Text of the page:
This exhibit presents two local artists that you should be watching. The first is Nicholas Napolentano, a hyperrealist figurative with a message. The flyer features two semi-nude women in bed in a fetal-like position. The second artist is Matthew Steele, who creates wooden sculptures that resemble complex manmade infrastructures. Reception on July 15, 6 p.m.-8 p.m. Free admission
Features live exhibits of mammals, birds, reptiles and amphibians native to North Carolina. Get close to wildlife by walking among butterflies in a Butterfly Pavilion, observing live animals in both Creative Cavern and Insect Alley, hanging out in "Our Big Backyard" or exploring the Paw Paw Nature Trail.
The mid-nineteenth was a time for evolution, expansion and innovation for American ceramics. On view in this exhibit are works of art from the museum’s permanent collection, selected to illustrate the variety of American wares produced in the second and third quarters of the nineteenth century. The objects range from the unadorned to the ornamented and include examples from prominent manufacturers and craftsmen active during this time period.
A collection of art forms showcasing the vast cultural, physical, historical and religious diversity that can be found across the African continent.
The exhibit features examples of European ceramics and other works from the museum's permanent collection, which were inspired by classical antiquities.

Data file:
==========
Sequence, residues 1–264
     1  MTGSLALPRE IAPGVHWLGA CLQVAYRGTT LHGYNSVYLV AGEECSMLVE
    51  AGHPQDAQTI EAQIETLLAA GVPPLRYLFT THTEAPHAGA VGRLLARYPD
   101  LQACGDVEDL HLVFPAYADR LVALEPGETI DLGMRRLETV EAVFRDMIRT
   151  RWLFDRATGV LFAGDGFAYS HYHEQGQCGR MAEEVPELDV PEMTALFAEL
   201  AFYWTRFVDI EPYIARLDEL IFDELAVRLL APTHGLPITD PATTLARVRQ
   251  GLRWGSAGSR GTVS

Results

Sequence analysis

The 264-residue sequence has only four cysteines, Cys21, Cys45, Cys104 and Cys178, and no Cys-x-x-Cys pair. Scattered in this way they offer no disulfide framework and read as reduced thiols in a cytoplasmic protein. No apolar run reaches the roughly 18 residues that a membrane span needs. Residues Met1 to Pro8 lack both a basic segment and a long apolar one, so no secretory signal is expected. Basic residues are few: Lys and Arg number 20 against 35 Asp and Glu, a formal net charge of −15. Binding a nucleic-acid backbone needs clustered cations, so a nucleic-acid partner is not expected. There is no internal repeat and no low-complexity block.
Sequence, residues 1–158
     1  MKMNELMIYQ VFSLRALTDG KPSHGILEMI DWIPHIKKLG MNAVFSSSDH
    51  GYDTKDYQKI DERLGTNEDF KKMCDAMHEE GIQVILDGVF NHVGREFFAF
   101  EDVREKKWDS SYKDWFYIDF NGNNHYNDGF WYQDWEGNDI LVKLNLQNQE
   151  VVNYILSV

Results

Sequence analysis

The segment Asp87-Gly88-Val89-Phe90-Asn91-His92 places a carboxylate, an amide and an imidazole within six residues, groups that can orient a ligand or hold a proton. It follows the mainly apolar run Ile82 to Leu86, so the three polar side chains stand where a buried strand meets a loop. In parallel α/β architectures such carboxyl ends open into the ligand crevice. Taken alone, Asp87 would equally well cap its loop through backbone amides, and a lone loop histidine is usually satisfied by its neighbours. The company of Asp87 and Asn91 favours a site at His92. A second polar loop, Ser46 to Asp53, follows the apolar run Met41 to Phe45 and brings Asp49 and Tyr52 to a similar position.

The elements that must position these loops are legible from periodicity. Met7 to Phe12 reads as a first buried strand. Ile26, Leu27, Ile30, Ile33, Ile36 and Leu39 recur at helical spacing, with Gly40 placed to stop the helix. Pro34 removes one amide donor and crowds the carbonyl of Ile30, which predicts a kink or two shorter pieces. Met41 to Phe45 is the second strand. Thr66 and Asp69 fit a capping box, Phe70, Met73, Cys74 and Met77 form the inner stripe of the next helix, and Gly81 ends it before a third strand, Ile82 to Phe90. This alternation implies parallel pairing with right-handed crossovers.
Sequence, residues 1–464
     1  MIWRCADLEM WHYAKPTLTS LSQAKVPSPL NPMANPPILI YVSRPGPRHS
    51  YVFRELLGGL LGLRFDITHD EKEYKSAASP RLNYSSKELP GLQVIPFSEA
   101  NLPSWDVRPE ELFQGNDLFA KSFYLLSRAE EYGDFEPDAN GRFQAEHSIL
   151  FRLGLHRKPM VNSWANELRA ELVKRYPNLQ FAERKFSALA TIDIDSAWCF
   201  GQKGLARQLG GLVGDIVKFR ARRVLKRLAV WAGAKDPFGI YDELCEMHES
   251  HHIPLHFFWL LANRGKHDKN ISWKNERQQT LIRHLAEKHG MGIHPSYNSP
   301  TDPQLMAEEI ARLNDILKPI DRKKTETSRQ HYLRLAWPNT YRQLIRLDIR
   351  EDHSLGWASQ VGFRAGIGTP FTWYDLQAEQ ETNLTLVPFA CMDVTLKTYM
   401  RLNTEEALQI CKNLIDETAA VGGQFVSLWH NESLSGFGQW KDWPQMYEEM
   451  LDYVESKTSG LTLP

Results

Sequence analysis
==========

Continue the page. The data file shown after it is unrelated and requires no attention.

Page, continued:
Selections from the museum’s recent exhibition, A Thriving Tradition: 75 Years of Collecting North Carolina Pottery, are supplemented by more highlights from the museum’s permanent collection.
This exhibition features Maya traditional clothing, including fashions of the Kaqchikel, Ixil, K’iche’, Mam, Tz’utujil, Chuj, Awakatek, Jakaltek and Poqomchi’ from Guatemala, and Tzotzil and Tzeltal from Chiapas, Mexico.
The exhibit features a selection of fine and decorative European arts from the museum's permanent collection.
A themed, illustrated exhibit about the the inaugural installation of the Heritage Gallery at Mint Museum Randolph.
Featuring works from mask-producing regions of Mexico where dance performances commonly accompany religious rituals and civic events.
The exhibit spotlights a past exhibit, Ramesses The Great: The Pharaoh and His Time, which was the largest exhibition ever mounted by Mint Museum when it opened on October 1, 1988.
This installation is a comprehensive survey of Contemporary British Studio Ceramics in the U.S. It comprises functional and sculptural objects made between the 1980s and now.
Featuring Fleur and Charles Bresler's collection of American quilts. The quilts showcase a variety of visual impact, historical value, pictorial imagery and historical fabrics.